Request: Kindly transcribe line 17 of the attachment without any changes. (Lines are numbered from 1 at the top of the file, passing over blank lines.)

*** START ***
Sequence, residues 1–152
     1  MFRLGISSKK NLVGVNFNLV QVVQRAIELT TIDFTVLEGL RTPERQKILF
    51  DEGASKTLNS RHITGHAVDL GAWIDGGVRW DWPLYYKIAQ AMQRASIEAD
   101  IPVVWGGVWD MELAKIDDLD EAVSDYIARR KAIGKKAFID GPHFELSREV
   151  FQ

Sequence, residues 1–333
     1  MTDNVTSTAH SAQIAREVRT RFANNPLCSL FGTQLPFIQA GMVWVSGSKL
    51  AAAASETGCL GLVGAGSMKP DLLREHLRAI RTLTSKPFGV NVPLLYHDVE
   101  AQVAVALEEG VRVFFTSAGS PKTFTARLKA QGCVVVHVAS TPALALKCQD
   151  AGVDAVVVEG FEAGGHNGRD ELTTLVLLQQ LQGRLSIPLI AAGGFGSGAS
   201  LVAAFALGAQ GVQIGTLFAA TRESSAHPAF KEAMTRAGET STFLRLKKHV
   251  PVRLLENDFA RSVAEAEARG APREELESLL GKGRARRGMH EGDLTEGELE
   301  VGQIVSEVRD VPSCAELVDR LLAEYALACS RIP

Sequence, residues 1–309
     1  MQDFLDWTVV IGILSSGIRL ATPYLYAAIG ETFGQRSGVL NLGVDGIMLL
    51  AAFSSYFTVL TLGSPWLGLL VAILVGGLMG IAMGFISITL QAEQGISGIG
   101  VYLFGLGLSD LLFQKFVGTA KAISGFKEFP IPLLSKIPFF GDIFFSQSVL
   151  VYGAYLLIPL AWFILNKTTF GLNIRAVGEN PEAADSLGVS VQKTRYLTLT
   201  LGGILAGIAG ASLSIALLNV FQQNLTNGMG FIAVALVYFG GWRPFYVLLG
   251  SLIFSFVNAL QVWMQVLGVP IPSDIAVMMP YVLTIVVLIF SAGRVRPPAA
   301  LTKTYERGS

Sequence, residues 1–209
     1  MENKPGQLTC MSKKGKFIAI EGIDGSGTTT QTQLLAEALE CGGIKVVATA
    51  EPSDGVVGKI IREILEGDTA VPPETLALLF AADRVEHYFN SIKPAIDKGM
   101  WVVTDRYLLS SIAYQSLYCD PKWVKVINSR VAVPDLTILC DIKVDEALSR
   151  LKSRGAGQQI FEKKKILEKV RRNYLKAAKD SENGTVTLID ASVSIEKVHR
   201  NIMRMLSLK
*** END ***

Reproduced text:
   101  VYLFGLGLSD LLFQKFVGTA KAISGFKEFP IPLLSKIPFF GDIFFSQSVL